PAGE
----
Ingenuity Helicopter needs a software update before first flight

The Robot Report
Ingenuity Helicopter

The Ingenuity Helicopter unlocked its rotor blades on April 7, the 47th Martian day of the mission. | Credit: NASA/JPL-Caltech/ASU

Doing something for the first time is often difficult. NASA knows this all too well, of course, but it’s experiencing it again with the Ingenuity Helicopter. After a high-speed rotor-spinning test didn’t go as planned, NASA delayed the first flight attempt until April 14 at the earliest.

But now we’ll need to wait a bit longer.

The Ingenuity team identified a software solution for the command sequence issue that occurred during the aforementioned test. Over the weekend, the team considered and tested multiple potential solutions to this issue, but ultimately decided that a “minor modification and reinstallation” of Ingenuity’s flight control software is the best path forward.

NASA said the software update will modify the process by which the two flight controllers boot up, allowing the hardware and software to safely transition to the flight state. While the development of the new software change is straightforward, the process of validating it and completing its uplink to Ingenuity will take some time.

“Our best estimate of a targeted flight date is fluid right now, but we are working toward achieving these milestones and will set a flight date next week,” NASA said.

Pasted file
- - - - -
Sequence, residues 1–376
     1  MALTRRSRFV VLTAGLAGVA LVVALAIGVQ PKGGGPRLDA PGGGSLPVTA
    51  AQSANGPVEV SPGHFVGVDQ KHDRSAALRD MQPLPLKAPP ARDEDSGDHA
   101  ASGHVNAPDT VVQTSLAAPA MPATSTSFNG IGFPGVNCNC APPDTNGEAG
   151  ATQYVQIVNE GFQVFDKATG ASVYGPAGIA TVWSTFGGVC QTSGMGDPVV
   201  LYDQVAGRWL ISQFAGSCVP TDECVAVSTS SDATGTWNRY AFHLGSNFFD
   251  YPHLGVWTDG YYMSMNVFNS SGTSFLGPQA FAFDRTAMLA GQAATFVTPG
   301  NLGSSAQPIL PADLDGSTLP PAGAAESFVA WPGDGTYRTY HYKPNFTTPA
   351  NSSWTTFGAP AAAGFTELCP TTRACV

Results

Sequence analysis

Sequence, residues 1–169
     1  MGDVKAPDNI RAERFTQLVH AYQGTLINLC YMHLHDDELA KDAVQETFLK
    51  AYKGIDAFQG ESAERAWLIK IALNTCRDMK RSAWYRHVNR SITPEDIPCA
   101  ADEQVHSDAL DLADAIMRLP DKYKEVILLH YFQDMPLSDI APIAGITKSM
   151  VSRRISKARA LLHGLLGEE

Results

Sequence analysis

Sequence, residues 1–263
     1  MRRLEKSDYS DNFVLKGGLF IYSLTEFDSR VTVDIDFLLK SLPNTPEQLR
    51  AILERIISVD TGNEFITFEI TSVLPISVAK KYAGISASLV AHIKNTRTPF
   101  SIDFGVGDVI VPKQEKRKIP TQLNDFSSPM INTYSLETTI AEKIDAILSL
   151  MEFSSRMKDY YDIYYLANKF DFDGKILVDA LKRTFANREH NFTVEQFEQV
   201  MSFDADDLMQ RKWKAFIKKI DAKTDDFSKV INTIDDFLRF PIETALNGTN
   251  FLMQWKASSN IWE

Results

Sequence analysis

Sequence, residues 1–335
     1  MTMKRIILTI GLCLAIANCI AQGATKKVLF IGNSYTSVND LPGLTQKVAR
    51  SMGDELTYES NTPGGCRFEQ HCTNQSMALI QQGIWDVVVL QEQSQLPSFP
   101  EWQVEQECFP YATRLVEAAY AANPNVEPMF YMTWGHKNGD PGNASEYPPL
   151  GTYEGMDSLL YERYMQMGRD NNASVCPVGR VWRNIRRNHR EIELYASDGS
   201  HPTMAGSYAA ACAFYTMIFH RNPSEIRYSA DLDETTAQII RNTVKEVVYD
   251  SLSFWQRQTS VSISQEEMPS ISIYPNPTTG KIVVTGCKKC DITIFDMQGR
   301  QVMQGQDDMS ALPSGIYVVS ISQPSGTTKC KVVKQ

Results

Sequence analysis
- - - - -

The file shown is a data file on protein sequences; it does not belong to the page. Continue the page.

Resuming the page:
The process of updating Ingenuity’s flight control software will follow established processes for validation with careful and deliberate steps to move the new software through the rover to the base station and then to the helicopter. Intermediate milestones include:

  • Diagnose the issue and develop potential solutions
  • Develop/validate and upload software
  • Load flight software onto flight controllers
  • Boot Ingenuity on new flight software

Once NASA has passed those milestones, it will prepare Ingenuity for its first flight, which will take several sols, or Mars days.

“Ingenuity continues to be healthy on the surface on Mars. Critical functions such as power, communications, and thermal control are stable,” NASA said. “It is not unexpected for a technology demonstration like this to encounter challenges that need to be worked in real time. The high-risk, high-reward approach we have taken to the first powered, controlled flight on another planet allows us to push the performance envelope in ways we could not with a mission designed to last for years such as Perseverance. In the meantime, while the Ingenuity team does its work, Perseverance will continue to do science with its suite of instruments and is gearing up for a test of the MOXIE technology demonstration.”

Bob Balaram, chief engineer on the Ingenuity Helicopter, was recently featured on NASA’s Small Steps, Giant Leaps podcast describing what it took to develop the helicopter and what to expect during the experimental flights. You can listen to the full podcast below.

Editor’s Note: Follow along The Robot Report’s complete coverage of the Mars 2020 Mission.

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Source: therobotreport

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